by Alyssa J. Herzinger
The year is 1945, and it is a beautiful spring day in a small town in southern Idaho. My family and I have just met a troop
train that was coming through town. We welcomed the soldiers with smiles and warm drinks to show them our thanks. I wore my
best dress, and used paint on my legs to make it look as though I was wearing nylons. We don't have real nylons because the
material was needed in the war. We have a motto: "Use it up, wear it out, make it do, or do without!"; Sometimes
we just have to be a little creative.
We'll do anything we can to help the soldiers Our brave troops are risking their lives in the defense of our freedom.
Supporting them is the least we can do. As my family and I return to our home, my mother quickly tunes the radio, and we all
anxiously wait to hear the news of the battle in Germany. My brother, Donald, is serving there. He has already been wounded,
but he is back in action. We are all worried about him, but we are so very proud of him.
A few days later, we hear wonderful news. The war is over! Everyone starts talking about the grand parade we'll have in
the soldiers' honor. It's going to be such a sight! Amidst all the happiness and excitement however, the beautiful spring
suddenly turns bleak for my family. My brother will not be coming home to be in the parade. Donald was killed in Germany,
on VE day. We found out the day after we received his Purple Heart award. He was a good brother, and a good American.
By telling this story, I have attempted to put myself in my grandmother's place. I wasn't alive during World War II, but
she was, and so was her brother Donald. Donald was my great-uncle, and he is one of the thousands of young men and women who
have given their lives by accepting the challenge of preserving our freedom.
Now, it is sixty-two years later, in 2007. These days, we don't hear much on the news about the service of our troops,
unless it is somehow beneficial to someone's political career. We don't have troop trains coming through our cities, so we
can't show our appreciation to the troops by meeting them there. The government no longer calls on us to make sacrifices for
the war-we don't have to give up nylons, plant victory gardens, or drive at the victory speed of 35 miles an hour. Because
of this, we are not daily reminded of our soldiers, and of their cause. And so, in 2007, what is our duty? What is our modern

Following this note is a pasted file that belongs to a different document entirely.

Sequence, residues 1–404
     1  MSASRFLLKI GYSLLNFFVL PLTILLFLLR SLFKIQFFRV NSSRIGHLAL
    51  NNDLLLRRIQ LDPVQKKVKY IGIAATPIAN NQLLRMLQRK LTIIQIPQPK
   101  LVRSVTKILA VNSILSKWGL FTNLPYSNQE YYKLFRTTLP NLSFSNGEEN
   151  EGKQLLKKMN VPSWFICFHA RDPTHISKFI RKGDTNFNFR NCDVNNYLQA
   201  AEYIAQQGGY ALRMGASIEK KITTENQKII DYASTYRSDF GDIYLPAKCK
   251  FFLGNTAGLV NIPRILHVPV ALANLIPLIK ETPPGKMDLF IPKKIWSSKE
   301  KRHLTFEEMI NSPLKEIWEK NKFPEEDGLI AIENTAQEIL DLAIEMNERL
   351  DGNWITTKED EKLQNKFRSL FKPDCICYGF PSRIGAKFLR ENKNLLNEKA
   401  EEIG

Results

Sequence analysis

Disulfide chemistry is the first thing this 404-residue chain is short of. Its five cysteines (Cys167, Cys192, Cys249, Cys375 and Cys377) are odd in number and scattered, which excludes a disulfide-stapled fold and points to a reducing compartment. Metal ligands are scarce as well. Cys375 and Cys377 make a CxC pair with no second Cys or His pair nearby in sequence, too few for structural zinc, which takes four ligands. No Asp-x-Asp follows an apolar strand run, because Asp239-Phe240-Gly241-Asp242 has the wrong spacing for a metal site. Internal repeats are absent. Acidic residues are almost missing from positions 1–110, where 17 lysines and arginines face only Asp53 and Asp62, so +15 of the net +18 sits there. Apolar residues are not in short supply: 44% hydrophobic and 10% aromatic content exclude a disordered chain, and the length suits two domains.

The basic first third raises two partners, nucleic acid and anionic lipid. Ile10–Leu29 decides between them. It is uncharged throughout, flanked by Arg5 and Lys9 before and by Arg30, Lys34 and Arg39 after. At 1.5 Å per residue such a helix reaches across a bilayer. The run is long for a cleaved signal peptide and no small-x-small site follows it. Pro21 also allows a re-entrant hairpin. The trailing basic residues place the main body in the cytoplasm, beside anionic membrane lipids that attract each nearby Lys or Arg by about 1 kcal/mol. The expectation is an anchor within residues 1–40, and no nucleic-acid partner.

day victory garden? Our duty is to respect and support those who have accepted freedom's challenge with the utmost degree
of devotion- our troops and veterans.
Our veterans and soldiers deserve to be some of the most highly respected people in our country, yet they are often forgotten,
and even insulted by high-ranking politicians. What happened to the patriotism that enveloped our country during World War
II, and after September 11th? What happened to the flags, the faith, and the support for our military?
Respecting our troops means making sure they have what they need, but our military often goes without things that are
essential. Sometimes they are even monetarily responsible for acquiring their own life-saving equipment. We need to work with
the government, and make sure that our troops are
provided with the equipment they need. They have already devoted themselves to the country, and the country should be
devoted to them. We also need to make sure that the veterans receive the benefits they need. They have served
this country, and it is time for our country to serve them.
We need to rally behind the troops one hundred percent. When a young man from my area was home on leave from Iraq, a local
school asked him to come talk to the students. After his presentation, some of the teachers told him that they supported him,
but not what he was doing. How can that possibly be considered support? Even if we did not like the idea of our troops going
to the middle East, they are there now, and they need our support more than ever. Despite differing political views, as a
country, we must be united in support for our troops. They need to know that we believe in their cause, and that they will
not come home to spite and anger for having done their duty. We cannot say we support the troops if we do not support their
And to respect them, we must support them. To respect our troops and veterans, respect what they have given us. Exercise
the freedom that has been won on the battlefield. Do not let their service be in vain. Do not let our freedom slip away from
us by simply not remembering it. Vote for officials whose main goal is to defend freedom. When a new law is proposed, ask
not what it gives us, but what it would take away. Respect our hard-earned freedom, and exercise it.
I believe that the challenge of freedom is to take an active, passionate role in preserving our freedom. We cannot lazily
expect other people to take care of it. Apathy is the greatest enemy of freedom. Our troops and veterans have accepted the
challenge of defending and sustaining freedom to the highest degree. We must respect them, support them and exercise the freedom
they protect. To do this, we must remember. Remember those who have fallen for the cause. Remember those who live for the
cause. Remember those who, even today, cannot taste the sweetness of freedom. Remember how blessed we are to live in the United
States of America, with God-given rights and
liberty. For if we truly remember, we will act, and if we act in the cause of freedom, we will always be free.
|Sandpoint Ray Miller